Ken Jennings’ name is vaguely familiar to people, but why? Because his profound knowledge on all things trivial led to him being the unbeatable champion of a TV game show called Jeopardy! It also put him in the gunsights of IBM. They spent thousands of hours, invested millions of dollars, all just to build a machine named WATSON that could defeat him playing that TV-derived game. See how Ken deals with the consequences of coming out on the losing end of a battle with a computer that took his job – a fate which, according to this Oxford study, is likely to affect 47% of people over the next 20 years…
Synergy, says Garry Kasparov, is essential to the way humans and machines operate. As the World Chess Master for over a decade, he too became a target for IBM. They spent thousands of hours and millions of dollars to beat him at his own game.
Kasparov doesn’t fret about being beaten by a machine. He worries that he might not be beaten by a machine; that human beings will choose to cower in their caves rather than work to create something greater than themselves. Machines can calculate, he says, and humans can understand; machines have instructions, and humans have purpose. When you add AI’s sheer speed to our desire to learn, it is an almost unbeatable combination. We’re better together. The question, of course, is whether Kasparov is right that there is some special, rather mysterious faculty of human “understanding” that machines cannot outperform, which many experts have come to doubt and reject...
Based on the real risk and virtual long-term certainty that AI will surpass humans in all domains of understanding, Sam Harris recommends a much more cautious approach.
It is inevitable that we will advance our technology in all fields, and that includes AI itself. Imagine trying to get all of humanity to give up research, or to stop improving some aspect of their current lives, and you quickly see that it is infeasible. Sustained technological advancement, Harris argues, must eventually lead to superintelligent systems.
He has no definite solution to the momentous risk/opportunity management question he poses, except that more of our best scientific resources should be allocated to it. We likely only have one chance to get it right…
Whereas Sam Harris hypothesizes that a safer way to create superintelligent AIs would be to incorporate them in our own biological brains, Ray Kurzweil suggests that we create a thinking-complex in the Cloud, and insert nanobots into our brains that are capable of linking to it upon need.
We have 300 million “thinking modules” in our neocortex (the part of our brain most strongly associated with our abstract intelligence). Imagine if you could connect to a billion more in order to solve a problem.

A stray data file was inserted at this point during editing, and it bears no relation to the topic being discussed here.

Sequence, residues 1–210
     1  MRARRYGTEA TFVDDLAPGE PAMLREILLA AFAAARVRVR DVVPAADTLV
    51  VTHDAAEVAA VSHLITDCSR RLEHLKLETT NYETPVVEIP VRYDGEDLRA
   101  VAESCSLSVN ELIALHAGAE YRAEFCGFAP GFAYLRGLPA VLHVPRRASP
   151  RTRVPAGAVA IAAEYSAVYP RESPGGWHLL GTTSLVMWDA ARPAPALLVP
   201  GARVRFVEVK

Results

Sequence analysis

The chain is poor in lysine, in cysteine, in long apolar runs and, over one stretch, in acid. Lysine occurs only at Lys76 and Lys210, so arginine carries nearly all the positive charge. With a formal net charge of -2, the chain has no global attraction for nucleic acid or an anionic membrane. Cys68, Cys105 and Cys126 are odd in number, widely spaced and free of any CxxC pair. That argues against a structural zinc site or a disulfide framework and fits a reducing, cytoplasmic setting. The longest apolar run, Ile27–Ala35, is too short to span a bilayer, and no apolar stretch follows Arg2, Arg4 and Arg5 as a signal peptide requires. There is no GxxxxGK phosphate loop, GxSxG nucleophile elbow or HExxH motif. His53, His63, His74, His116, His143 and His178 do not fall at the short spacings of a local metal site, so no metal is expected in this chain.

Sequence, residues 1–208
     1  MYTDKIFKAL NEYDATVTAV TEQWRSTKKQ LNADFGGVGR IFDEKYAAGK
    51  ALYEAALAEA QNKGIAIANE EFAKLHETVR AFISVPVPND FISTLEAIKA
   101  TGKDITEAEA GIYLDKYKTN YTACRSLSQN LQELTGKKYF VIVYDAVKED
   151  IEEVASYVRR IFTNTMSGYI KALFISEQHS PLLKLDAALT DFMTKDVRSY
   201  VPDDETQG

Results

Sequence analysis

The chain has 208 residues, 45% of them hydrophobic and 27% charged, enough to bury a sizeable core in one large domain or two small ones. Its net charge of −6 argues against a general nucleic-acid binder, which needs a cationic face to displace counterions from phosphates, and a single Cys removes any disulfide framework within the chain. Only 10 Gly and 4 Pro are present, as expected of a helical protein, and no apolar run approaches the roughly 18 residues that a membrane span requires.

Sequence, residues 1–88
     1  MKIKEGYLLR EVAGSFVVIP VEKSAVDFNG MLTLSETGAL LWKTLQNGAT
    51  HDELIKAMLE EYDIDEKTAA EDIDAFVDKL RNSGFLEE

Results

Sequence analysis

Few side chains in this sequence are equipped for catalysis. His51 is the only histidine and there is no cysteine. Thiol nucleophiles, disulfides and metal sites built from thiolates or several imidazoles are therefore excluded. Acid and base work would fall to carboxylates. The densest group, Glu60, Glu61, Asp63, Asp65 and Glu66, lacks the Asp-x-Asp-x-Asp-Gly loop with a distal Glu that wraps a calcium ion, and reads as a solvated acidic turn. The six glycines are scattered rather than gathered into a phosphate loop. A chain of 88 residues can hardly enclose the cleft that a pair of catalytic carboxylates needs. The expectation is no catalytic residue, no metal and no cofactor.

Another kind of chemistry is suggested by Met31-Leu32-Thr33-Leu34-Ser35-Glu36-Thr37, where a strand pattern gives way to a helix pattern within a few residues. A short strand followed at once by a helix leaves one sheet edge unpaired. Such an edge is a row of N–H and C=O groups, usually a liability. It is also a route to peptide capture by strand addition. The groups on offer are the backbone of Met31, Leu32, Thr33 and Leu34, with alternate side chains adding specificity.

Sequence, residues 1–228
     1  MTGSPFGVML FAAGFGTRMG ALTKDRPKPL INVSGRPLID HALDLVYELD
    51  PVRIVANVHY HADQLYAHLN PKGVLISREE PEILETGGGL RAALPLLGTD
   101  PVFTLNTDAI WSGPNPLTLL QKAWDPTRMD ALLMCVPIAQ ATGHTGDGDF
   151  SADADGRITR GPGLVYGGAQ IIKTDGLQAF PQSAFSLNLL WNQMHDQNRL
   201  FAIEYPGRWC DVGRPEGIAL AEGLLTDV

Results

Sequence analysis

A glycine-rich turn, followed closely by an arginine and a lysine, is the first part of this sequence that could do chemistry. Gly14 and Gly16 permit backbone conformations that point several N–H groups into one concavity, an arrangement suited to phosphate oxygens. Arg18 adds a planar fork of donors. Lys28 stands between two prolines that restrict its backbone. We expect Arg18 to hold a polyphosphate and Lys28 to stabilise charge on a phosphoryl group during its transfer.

You may not remember the name of the two lead actors in the 1989 movie that you loved called “When Harry Met Sally.” Your memory isn’t perfect, and so you pull out your smart device and add a few thousand more computers to the task via Google’s search engine. Suddenly you are reminded that it was Meg Ryan and Billy Crystal, which opens a mental floodgate, and you recall that Carrie Fisher and Bruno Kirby were also in it, and that triggers even more memories.
Being able to connect instantly to a Synthetic Neocortex would make it possible to solve immensely complex problems with relative ease.
Fei-Fei Li talks about how AI will advance once it has significant vision capability. She and her team built a massive picture database (called ImageNet) and trained an AI to recognize images through constant exposure to millions of images that were labelled and described. Over the years the AI has been taught to analyse pictures more deeply, and learned to construct accurate sentences such as “This picture is of a large airplane sitting on a runway” when it “sees” that picture.
Something a child can do automatically is often very difficult to teach to a computer. (Cf. Moravec’s Paradox, stating that contrary to initial assumptions in robotics research, some high-level reasoning requires very little computation, whereas low-level sensorimotor skills require enormous amounts of computational resources.) You have probably used the ImageNet technology with TinEye, Google Image, Root About, or Karma Decay, among many others where you can upload an image and then have its source identified, or its contents described in text, or read aloud to help people with limited vision understand images.
Once AIs can accurately identify what they see, they provide us with a whole new set of insights. They can think about a million times faster than us and find patterns that escape our visual-cum-cognitive notice.
The area of AI content-learning that may ultimately determine our fate the most is human morality. Despite substantial disagreement, our values as human beings are fairly universal and very close in the huge space of all possible values. Machine intelligences will have none of them by default – consider the possibility of “paperclip maximizing” superintelligences. It is up to us to ensure that, in time for the AI take-offs that are likely to happen this century, we find a reliable way of teaching the machines to value and pursue the things we value; to understand us and to seek the things we ourselves seek. In order for an AI’s decisions to be safe and beneficial, they have to pass (directly or indirectly) through the human filter.
Philosopher Nick Bostrom proposes to make this problem a research priority for humanity. His TED Talk makes us edgy about the AI possibilities. But it also stresses that the AI alignment task, while momentous and enormously challenging, is not hopeless.